Customized learning has led the education news cycle over the past few weeks as back to school season gets in full swing. And for good reason. Every day there is growing evidence that a seismic shift in the delivery of instruction is underway, bringing with it a tidal wave of educational options for families.

Earlier this month, the news site Education Week published an inside look at one family’s hybrid schooling experience.

Emmy Elkin’s school day starts with a cooking show.

The 10-year-old and her mom, Jill Elkin of Peachtree City,Ga., are up at8 a.m., making breakfast along with “Iron Chef America” and chatting about algebra. Last week, Emmy left home after breakfast to meet a new Japanese tutor, around the time her sister Kayla, 14, dragged herself awake to get her independent mathematics study done before a friend came over for a joint British literature course. The sisters spent the afternoon working through a chemistry course online, with Jill Elkin giving more individual coaching to her younger daughter.

Kayla and Emmy are part of the modern generation of home-schooled students, piecing together their education from their mother, a former Fayette County math teacher, other district and university teachers, parent co-ops, and online providers.

Education Week goes on to profileBaywood Learning Center in California, which provides courses à la carte to homeschooling families:

Parents usually design a patchwork quilt of different classes and activities for their children,” [school director Grace Neufeld] said. “What I see is they sign up for various classes being held in various locations like science centers or museums or different places. They also add things like music lessons, art lessons, sports, or martial arts.

Bill Mattox of the James Madison Institute wrote early this week in USA Today about a 14-year-old entrepreneur who has earned enough money to buy her first house, a foreclosed home that she purchased with her savings and a little extra help from her mother. Her business model—turning treasures found at yard sales for a profit on Craigslist—is made possible in part by the flexibility her school, the Florida Virtual School (FLVS), offers her:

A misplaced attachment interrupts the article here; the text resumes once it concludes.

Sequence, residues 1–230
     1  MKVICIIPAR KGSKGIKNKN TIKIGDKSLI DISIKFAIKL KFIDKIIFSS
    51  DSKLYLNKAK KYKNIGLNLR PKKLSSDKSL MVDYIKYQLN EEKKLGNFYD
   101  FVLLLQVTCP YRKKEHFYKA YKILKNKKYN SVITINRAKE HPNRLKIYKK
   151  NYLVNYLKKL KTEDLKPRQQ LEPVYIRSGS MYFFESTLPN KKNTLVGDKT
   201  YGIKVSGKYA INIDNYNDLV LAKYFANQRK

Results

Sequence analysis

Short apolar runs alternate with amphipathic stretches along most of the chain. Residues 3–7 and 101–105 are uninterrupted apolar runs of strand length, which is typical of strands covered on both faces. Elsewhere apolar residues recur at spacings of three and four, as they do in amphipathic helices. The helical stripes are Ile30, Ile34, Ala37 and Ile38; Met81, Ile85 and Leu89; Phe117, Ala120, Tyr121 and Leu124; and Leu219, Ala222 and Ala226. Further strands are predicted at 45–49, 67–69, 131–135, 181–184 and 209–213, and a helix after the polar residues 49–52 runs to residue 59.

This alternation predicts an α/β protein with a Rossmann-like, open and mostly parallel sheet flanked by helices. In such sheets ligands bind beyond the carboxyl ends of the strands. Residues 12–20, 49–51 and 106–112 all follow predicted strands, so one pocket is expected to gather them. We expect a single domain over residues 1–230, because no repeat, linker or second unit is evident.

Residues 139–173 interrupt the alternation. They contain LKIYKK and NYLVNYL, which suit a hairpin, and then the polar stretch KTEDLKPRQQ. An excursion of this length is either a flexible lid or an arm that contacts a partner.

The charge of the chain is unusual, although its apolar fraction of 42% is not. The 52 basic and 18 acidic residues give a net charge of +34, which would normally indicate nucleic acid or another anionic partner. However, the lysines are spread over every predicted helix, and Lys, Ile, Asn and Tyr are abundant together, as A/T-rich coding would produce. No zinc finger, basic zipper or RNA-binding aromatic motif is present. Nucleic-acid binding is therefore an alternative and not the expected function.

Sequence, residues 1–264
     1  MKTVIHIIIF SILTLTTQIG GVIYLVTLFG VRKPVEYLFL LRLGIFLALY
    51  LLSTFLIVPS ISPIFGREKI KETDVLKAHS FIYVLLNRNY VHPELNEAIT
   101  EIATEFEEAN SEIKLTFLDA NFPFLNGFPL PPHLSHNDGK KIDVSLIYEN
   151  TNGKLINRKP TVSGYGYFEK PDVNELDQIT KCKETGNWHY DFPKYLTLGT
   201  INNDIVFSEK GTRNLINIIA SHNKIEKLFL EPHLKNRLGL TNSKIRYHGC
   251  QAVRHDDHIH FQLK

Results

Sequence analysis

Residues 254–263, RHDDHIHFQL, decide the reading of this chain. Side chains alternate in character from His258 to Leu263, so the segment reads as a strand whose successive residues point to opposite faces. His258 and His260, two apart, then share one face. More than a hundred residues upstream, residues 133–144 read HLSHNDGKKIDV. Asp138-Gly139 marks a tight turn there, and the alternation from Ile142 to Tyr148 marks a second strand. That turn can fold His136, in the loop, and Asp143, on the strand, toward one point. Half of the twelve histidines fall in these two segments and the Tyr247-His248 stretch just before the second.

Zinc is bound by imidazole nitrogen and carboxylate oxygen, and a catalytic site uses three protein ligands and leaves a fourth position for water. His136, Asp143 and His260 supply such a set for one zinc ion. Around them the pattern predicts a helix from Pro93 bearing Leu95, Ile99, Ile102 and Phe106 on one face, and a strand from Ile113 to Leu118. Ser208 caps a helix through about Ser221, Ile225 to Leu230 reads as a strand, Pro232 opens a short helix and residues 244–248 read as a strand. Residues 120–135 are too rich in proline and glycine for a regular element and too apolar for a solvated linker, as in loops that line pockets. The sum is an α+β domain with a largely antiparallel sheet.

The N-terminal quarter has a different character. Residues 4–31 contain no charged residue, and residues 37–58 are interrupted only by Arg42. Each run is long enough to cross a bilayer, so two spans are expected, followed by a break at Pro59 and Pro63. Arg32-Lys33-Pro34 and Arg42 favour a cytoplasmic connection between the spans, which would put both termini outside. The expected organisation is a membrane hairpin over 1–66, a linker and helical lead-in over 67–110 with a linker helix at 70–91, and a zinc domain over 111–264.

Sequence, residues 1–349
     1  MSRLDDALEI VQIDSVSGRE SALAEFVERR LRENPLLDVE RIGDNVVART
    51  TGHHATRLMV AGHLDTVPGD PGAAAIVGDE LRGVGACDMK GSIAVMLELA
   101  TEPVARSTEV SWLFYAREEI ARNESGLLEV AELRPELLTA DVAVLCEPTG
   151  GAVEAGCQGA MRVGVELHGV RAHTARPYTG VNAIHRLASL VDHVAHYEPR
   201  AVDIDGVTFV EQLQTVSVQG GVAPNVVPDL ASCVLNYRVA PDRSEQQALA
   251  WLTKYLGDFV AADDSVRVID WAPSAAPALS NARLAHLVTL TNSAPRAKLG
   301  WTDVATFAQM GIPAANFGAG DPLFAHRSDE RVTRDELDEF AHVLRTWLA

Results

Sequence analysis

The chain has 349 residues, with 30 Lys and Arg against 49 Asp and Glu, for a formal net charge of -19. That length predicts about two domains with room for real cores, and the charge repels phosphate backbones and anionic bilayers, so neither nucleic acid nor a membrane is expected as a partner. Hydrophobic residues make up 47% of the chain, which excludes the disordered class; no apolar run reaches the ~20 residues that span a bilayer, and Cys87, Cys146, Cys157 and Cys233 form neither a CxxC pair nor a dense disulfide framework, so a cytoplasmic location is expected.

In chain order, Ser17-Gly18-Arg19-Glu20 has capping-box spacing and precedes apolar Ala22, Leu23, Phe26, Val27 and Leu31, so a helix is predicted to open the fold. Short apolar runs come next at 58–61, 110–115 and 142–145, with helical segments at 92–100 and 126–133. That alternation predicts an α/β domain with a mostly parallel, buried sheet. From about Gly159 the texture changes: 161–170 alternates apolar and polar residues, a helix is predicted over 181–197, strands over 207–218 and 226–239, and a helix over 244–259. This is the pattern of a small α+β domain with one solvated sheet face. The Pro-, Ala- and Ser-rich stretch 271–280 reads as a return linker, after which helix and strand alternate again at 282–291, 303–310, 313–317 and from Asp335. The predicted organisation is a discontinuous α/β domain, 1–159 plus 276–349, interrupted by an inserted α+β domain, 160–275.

Willow says taking classes online gives her the scheduling flexibility she needs to run her business. “On trash days, being able to go out and get the good stuff that people leave on the street is really important,” Willow notes. “If it weren’t for FLVS, I’d never be able to do this.”

In The Wall Street Journal last week, Juan Williams relayed the success of an elementary school in Mooresville, North Carolina, which has shot from the middle of the pack into a tie for second place on student achievement on state tests. The school has embraced online learning and customization in a major way:

All of their textbooks, notes, learning materials and assignments are computerized, allowing teachers and parents to track their progress in real time. If a student is struggling, their computer-learning program can be adjusted to meet their needs and get them back up to speed. And the best students no longer wait on slow students to catch up. Top students are constantly pushed to their limits by new curricular material on their laptops.

Higher education is also becoming increasingly customized. Daphne Koller, co-founder of Coursera, an online learning platform that offers free courses to anyone in the world from some of the U.S.’s top universities, explains the massive potential customization that online learning holds. Koller describes how one of her Stanford colleagues had over 100,000 students enrolled in a machine course online. “So to put that number into perspective, for [the professor] to reach that same size audience by teaching a Stanford class, he would have to do that for 250 years.”

Koller goes on to describe a Princeton Sociology 101 course hosted on Coursera, which included a question-and-answer forum. Students from all over the world enrolled in the course, which meant that if a student was up at 3 a.m. working on an assignment and posed a question, “somewhere around the world, there would be somebody who was awake and working on the same problem,” Koller explains. As a result, in some of their courses, the median response time to student-posed questions was just 22 minutes, “which is not a level of services I have ever offered to my Stanford students.”

For their part, policymakers should ensure that education funding is free from 19th-century ideas about schooling, in order to empower families to enjoy the benefits of 21st-century delivery models. School choice—whether vouchers, education tax credits, education savings accounts, or virtual schools—ensures that families won’t be left behind when the online learning revolution is in full force.